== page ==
Dead Set by Richard Kadrey is an urban fantasy novel that is about a teenager named Zoe who has been on the run with her mother since her father died. In an effort to avoid all of the bullshit that life has been throwing at them lately, and to deal with having no friends, she whisks away to meet her late brother in the realm of her dreams. But then one day, Zoe has an incredible experience with a dark temptation that will change her fate, as well as the fate of her dead brother and father within a different realm, in terrifyingly unexpected ways.
I saw Dead Set at the library and felt the premise sounded perfect for a good thrill. After reading it, I feel that it was quite fitting for the spooky Halloween season, but it didn’t deliver the scary chills that I was hoping to experience. Regardless, it is a fairly decent, dark urban fantasy that I would recommend to fans of the genre.
The best part about the novel is the writing style. It’s supremely easy to read and even easier to get lost in with the imaginative world-building and atmosphere for the environments that Zoe encounters, whether it’s the city that she’s currently living in with her mum, or the realm of dreams that she visits to see her brother, Valentine. The settings transported me to them almost as if I was standing beside Zoe while she’s there chatting or doing whatever she’s doing in the respective situation. Because everything is decidedly sinister and creepy, it did give me the heebie-jeebies on occasion and fill me with an air of despair for things to come. I like reading books where I can get so involved on a near-physical level; it makes for quite the interactive experience.
Zoe is another excellent part of the book. She’s quite mortal in terms of her emotions being all over the place and her feeling rather angsty with constantly being on the move from one place to another and dealing with the grief of losing her father, who instilled within her a passion for music—classic punk rock—that he had when he was alive. I saw her suffering and felt her frustrations at being a loner and having a dysfunctional relationship with her only remaining parent. Hell, I even identified with some of her negativity. But because she is so human and young, and because her feelings are so raw and real, it becomes unbelievably effortless to empathise with her circumstances, thus making it even more challenging to not root for her.
Zoe knew she should tell her mother she loved her but she couldn’t do it because she didn’t really feel it. Where that feeling, and a lot of others, should be was a deep dark void.”
The book is character focused, but the bulk of that focus is subtle and rather implied. It can be easy to miss most of those cues the first time reading it due to all of these other apprehensive and freakish shit that is going on around her. The character’s struggles, as well as the lessons she learns and the fortitude that she gains out of her experiences, are the book’s biggest strength. The plot is original and fascinating, but ultimately it’s unpolished and ends up feeling somewhat far-fetched than anything else.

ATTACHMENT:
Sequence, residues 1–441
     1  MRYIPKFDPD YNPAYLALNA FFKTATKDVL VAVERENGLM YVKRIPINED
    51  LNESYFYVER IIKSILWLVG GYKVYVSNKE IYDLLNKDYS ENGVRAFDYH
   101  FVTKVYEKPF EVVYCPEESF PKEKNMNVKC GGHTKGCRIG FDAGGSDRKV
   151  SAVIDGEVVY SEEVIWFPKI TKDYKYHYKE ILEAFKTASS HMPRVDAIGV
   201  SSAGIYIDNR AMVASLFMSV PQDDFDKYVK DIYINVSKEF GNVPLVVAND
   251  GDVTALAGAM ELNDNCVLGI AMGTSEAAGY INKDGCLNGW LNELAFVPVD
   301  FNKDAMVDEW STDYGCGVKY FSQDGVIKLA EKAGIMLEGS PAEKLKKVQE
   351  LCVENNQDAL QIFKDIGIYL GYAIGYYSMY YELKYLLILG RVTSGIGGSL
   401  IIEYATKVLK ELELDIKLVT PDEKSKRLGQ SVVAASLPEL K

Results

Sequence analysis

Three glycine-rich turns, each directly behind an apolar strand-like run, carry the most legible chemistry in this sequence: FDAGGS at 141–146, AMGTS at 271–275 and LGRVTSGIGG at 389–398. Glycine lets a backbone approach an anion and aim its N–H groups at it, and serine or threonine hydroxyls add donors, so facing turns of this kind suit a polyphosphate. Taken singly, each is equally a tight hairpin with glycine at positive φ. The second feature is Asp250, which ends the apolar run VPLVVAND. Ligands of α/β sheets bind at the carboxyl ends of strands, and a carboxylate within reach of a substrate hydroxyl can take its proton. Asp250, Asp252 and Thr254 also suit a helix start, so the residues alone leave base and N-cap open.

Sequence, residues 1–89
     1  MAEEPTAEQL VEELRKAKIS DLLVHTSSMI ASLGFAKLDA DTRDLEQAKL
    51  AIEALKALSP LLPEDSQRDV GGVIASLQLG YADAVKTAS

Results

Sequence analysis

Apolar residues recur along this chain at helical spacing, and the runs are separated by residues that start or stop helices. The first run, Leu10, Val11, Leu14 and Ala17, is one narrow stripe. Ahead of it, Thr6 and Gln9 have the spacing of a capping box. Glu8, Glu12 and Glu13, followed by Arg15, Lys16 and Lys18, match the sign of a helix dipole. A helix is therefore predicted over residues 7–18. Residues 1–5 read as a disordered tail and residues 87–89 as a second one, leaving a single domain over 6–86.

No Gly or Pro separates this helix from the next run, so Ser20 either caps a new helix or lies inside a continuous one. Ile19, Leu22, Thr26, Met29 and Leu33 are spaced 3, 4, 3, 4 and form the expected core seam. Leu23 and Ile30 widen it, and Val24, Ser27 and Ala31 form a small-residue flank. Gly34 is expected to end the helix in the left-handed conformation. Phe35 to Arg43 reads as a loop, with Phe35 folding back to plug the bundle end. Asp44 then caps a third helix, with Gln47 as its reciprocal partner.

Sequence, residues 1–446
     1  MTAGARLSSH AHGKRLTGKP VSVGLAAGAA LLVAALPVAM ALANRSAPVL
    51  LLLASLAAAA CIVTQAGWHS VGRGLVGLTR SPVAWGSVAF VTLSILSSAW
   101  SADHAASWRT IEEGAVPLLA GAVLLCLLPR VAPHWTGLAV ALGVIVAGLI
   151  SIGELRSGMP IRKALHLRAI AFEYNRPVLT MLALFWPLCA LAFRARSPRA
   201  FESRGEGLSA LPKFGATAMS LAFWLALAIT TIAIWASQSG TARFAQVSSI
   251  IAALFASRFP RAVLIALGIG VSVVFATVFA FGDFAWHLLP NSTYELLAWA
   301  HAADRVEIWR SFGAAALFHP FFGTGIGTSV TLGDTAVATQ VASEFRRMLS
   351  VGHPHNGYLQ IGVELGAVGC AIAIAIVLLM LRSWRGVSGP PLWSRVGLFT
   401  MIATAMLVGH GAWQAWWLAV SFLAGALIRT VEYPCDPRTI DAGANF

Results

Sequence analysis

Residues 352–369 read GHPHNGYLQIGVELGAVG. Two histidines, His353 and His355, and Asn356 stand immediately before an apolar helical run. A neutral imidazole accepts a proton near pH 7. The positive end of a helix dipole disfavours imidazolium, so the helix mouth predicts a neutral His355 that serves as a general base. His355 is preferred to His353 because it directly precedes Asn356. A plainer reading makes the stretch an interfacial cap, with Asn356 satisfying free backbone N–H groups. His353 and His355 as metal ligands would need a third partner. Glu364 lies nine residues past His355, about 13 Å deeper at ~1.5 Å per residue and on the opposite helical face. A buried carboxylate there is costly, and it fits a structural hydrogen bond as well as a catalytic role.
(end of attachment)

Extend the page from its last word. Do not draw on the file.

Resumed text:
Initially, the journey that Zoe ends up going on—emotionally and physically—felt to me to be exquisitely imaginative and very riveting. However, the farther it took her from her home and her sentimental struggles, the more obscure and fragmented it started to feel. There were a couple of sections of the book, closer to the last one-third to one-fourth, where I felt as if the story was taking one ridiculous turn after another for either shock value or to make the story feel longer, as well as give it a stronger purpose. This could very well be a case of it not being my cup of tea, yet, I feel that it’s about the storytelling inadequacies themselves instead of a personal distaste. There were just specific facets that felt random and pulled out of air in lieu of having a rational and natural lead-up to them. Honestly, the first half and middle were marvellously written, but the climax and conclusion were distinctly not well-written at all. Even with that said, there are tons of other great aspects that help alleviate the frustration that stems from the chunkiness and uncertainty that we get in the final thirty percent or so.
The book is wonderfully dark, as I mentioned earlier, but it’s also fantastically violent, graphic, and on more than one occasion very gruesome. The descriptions of the frightening things that Zoe encounters—the injuries, wounds, and other bloody things—is vivid and made my tummy turn a bit. It further contributes to the eerie and unsettling ambiance.
If you’re a fan of punk rock, particularly classic punk rock from the 70s and 80s, you will love the references made about music in this book. Zoe is a huge fan of records, which makes sense given the sorts of things her parents were involved with when they were younger, and reading about the different records, as well as the designs for those records was pretty fucking cool. She also very much lives up to the punk rock name with her persona and use of vulgarities. It’s an aesthetic that just complimented nearly everything about Dead Set.
While Dead Set isn’t a perfect book that will become the epitome of all urban fantasy, it has good writing, a female protagonist that you can’t help but root for, an offbeat premise, and a whimsy entertaining factor that compels you to keep reading and get invested. I highly recommend this book to anyone who is in search of a decent addition to the urban fantasy genre that will take you away from the likes of Jim Butcher, Seanan McGuire, and Laurel K. Hamilton. It doesn’t fit a mould, by far, and that’s what made it so bloody great.